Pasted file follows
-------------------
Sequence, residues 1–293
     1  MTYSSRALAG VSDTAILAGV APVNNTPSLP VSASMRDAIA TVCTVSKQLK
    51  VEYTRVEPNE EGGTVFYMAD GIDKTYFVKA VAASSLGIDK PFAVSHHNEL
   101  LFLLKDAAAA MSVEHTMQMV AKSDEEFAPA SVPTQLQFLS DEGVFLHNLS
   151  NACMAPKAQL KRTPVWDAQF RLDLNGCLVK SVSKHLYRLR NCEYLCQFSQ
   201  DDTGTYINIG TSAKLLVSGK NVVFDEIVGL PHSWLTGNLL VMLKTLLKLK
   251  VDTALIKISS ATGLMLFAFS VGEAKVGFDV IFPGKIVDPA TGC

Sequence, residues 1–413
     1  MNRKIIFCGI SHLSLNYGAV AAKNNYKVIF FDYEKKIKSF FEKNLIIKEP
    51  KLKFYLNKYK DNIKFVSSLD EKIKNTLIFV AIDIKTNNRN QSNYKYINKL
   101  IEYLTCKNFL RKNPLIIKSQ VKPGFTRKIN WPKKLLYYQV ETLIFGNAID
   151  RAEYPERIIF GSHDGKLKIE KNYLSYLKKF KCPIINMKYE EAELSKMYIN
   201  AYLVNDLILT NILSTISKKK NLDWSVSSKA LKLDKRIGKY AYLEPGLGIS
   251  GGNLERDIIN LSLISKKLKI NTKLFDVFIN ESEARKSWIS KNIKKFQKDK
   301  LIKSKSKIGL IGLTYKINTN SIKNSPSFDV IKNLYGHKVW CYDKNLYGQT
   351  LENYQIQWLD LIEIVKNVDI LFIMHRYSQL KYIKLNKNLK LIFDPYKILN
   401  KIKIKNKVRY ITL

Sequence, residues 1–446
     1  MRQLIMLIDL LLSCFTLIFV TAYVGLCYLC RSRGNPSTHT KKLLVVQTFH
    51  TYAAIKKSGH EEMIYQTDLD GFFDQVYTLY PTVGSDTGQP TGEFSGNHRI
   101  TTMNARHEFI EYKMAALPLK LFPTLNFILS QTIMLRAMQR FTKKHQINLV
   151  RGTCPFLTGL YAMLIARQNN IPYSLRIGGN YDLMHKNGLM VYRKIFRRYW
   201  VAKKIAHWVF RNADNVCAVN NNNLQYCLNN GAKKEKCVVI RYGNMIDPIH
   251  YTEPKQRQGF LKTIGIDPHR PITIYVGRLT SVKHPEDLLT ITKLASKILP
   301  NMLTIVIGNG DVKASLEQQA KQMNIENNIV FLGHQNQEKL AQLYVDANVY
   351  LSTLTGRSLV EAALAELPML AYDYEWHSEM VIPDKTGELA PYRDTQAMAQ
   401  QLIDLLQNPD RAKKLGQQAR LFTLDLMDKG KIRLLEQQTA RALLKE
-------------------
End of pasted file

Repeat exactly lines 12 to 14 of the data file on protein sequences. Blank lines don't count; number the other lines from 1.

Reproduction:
   151  RAEYPERIIF GSHDGKLKIE KNYLSYLKKF KCPIINMKYE EAELSKMYIN
   201  AYLVNDLILT NILSTISKKK NLDWSVSSKA LKLDKRIGKY AYLEPGLGIS
   251  GGNLERDIIN LSLISKKLKI NTKLFDVFIN ESEARKSWIS KNIKKFQKDK